Estes Camroc (1966)

By | Feb 9, 2016

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The Estes Camroc was the first commercially produced camera designed to be carried aloft by a model rocket.

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The Camroc was a marvel in simplicity with only one moving part: the shutter. It took one shot per flight using special disks of film loaded prior to launch. The shutter was tripped when the ejection charge fired to release the parachute. The idea was to use a rocket engine with enough of a delay between launch and parachute deployment to ensure that the rocket was in a nose-down attitude when the shutter fired, thereby obtaining a shot of the ground below. (catalog photo from www.ninfinger.org)

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At the far left is my Camroc in disassembled form, along with an unused (but exposed) film disk in its light-proof envelope. Next to the envelope is the metal “slide” that was removed from the camera just prior to launch. The picture at the not-so-far left is from the instruction manual and clearly labels each part

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The film disks were approximately 1.5 inches in diameter. It was ASA 400 film that needed to be “pushed” to ASA 1200 through extended processing times. Using readily available photo processing chemicals and a darkroom, a hobbyist could process the film. Or, the film could be sent to Estes for processing.

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On left is a close-up of the lens from the side facing the film plane. On the right is the other side of the same section showing the shutter spring (rubber band) pins and the aperture of the shutter in the “open” position. The shutter was held in the cocked position with a string that went under the camera body at the narrow end that went into the rocket body. When the parachute was deployed, the camera separated from the rocket, releasing the string thereby releasing the shutter.

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This is another catalogue shot showing the Camroc along with its sister photographic payload, the Cineroc movie camera. There is also a picture of the Estes Camroc Carrier rocket (catalog photo from www.ninfinger.org)

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This is my attempt to make an Astron Delta clone. This was a two-stage rocket that was recommended by Estes as the carrier of the Camroc. This was prior to the introduction of the Camroc Carrier rocket above. (catalog photo from www.ninfinger.org)

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This is I real Astron Delta recently found in an old-time hobby shop. The original price is $2.50. One sold on ebay recently for over $100!


September 17, 2010: This Camroc probably hasn’t snapped a photo in 40+ years. Was it up to the challenge this many years later? To answer this burning question, our Camroc needed a little TLC to get some obvious repairs made.


First, there is the rubber band powered shutter. In flight, the shutter is snapped open and closed by a small rubber band. After 40+ years, the original rubber band has gone missing. Even if it had remained, it would likely need replacing due to a common case of dry rot. A bag of #9 rubber bands from any office supply house will do the trick. Secondly, some fresh tape to hold all of the Camroc sections together. I used a combination of black and yellow electrical tapes to do the job. The yellow tape is not required, since the black can be used , but the yellow gives the Camroc that factory-original appearance.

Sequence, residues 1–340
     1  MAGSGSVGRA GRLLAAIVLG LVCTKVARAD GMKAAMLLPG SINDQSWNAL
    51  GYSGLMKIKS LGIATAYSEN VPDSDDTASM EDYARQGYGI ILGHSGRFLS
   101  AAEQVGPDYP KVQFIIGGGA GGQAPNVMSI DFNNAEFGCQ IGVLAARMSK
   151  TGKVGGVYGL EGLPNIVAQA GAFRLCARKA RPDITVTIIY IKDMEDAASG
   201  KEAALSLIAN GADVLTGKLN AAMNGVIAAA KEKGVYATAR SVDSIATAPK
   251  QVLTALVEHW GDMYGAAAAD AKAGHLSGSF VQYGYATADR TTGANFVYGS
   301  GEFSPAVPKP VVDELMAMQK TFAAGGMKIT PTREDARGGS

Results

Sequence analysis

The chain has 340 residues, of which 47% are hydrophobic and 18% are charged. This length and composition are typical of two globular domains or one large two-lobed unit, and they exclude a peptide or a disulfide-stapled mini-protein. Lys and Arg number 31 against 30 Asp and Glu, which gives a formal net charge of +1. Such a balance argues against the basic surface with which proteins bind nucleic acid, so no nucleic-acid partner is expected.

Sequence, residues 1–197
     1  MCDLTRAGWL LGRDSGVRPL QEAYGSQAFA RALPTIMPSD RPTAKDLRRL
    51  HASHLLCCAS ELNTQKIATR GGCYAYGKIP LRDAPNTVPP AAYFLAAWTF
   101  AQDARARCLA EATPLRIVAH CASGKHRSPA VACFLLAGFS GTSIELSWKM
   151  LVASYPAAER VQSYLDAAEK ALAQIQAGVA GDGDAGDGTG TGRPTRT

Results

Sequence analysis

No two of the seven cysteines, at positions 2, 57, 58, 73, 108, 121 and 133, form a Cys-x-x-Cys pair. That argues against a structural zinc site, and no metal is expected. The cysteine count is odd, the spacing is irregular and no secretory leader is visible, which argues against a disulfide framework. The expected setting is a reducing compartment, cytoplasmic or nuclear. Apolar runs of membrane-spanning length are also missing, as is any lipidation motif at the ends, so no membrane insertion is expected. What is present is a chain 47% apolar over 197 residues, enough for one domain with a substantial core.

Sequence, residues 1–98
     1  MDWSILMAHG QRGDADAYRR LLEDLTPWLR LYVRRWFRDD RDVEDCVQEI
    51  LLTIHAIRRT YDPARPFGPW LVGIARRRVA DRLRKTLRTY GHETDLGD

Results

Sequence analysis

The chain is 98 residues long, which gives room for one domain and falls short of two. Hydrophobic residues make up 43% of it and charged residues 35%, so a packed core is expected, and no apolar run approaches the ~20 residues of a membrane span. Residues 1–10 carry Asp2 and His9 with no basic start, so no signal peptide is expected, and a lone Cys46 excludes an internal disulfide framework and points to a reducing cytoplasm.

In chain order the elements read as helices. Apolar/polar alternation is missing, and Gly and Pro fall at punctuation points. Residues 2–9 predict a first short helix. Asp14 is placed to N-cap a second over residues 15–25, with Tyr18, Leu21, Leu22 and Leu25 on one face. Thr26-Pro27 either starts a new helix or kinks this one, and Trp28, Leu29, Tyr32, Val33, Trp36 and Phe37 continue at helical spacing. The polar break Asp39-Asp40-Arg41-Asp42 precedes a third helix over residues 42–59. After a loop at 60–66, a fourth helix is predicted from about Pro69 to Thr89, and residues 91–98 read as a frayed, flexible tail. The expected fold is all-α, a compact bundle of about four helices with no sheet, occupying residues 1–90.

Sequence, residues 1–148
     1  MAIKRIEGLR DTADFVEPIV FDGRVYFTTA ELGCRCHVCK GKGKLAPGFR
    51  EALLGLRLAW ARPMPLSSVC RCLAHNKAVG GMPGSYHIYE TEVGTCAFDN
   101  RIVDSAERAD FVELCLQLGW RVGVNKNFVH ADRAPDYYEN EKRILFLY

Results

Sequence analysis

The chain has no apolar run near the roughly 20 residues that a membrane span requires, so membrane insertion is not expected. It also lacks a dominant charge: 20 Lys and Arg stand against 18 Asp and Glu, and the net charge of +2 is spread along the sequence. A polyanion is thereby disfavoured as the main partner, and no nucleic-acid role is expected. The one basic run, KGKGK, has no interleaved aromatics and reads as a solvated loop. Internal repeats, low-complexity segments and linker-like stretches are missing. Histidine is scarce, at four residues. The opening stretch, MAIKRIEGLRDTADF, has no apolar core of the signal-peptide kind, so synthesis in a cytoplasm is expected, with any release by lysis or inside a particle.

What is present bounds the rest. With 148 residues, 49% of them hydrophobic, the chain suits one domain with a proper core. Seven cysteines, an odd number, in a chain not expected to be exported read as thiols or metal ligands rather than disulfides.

The circular film. Hmmm, this is a tough one. I can’t get it from Estes these days, since the Camroc went out of production in the 1970’s. I’ll have to make my own. The original Estes Camroc film disk was a 1-9/16 inch disk of ISO 400 film of unknown origin. I can use modern sheet film (used for medium and large format photography using a view camera) and try cutting out the disk manually somehow. I could try doing it with scissors, but I’d have to do it in total darkness, and I’m guessing that a perfect circle under those circumstances would be unachievable.


The next best thing is this 1-1/2 inch hole punch from Ek Success. Unfortunately, there is no 1-9/16 inch hole punch out there (that I know), so I’m going to have to make some modifications to the Camroc’s film holder to use the smaller disk.


First was the area behind the lens. Using the computer, I drew to circles, one at 1-9/16 inch in diameter, the other at 1-1/2 inch. I lined them up on edge and printed them out. This would give me a pattern for circular, crescent-shaped “lip” to hold the film in place from the front. I glued the pattern to some thin sheet styrene plastic (1/16 inch) and was able to cut the crescent shape out with scissors. I then used CA “instant” glue to glue the crescent to the back of the lens section.


You can see the plastic “crescent” glued in place behind the lens section. The thin plastic can be easily shaped in place once mounted by using a hobby knife to “shave” off excess material and get a good “arc”. To hold the film in place from the back, I modified the film holder with these plastic strips glued in place and lined up with the film holder’s original retainer lip. These two modifications gave the smaller film disk something to rest between and secure it during flight operations.

I purchased some Ilford HP5 Plus ISO 400 black-and-white film in a pack of 25 4×5 sheets. This along with the hole punch should give me plenty of film disks.

The moment of truth. I cut myself a few film disks, and after fumbling around in the dark, managed to get a few loaded for some sample pics. The Camroc only shoots one photo per launch, so a new disk must be loaded after each flight.


In order to do this at the launch site, you’ll need a film changing bag. This is essentially a black, light-proof bag you can stick your film items in, put your hands through two tight fitting holes in the bag, and perform various tasks that would otherwise need to be done in a darkroom.


Here is a paper 1-1/2 inch disk sitting in my modified holder. It’s essentially pushed to one side a little off center. Trying to center it is nearly impossible given the holder design. It would be far more effort to come up with such a modification than it was to simply put it off center.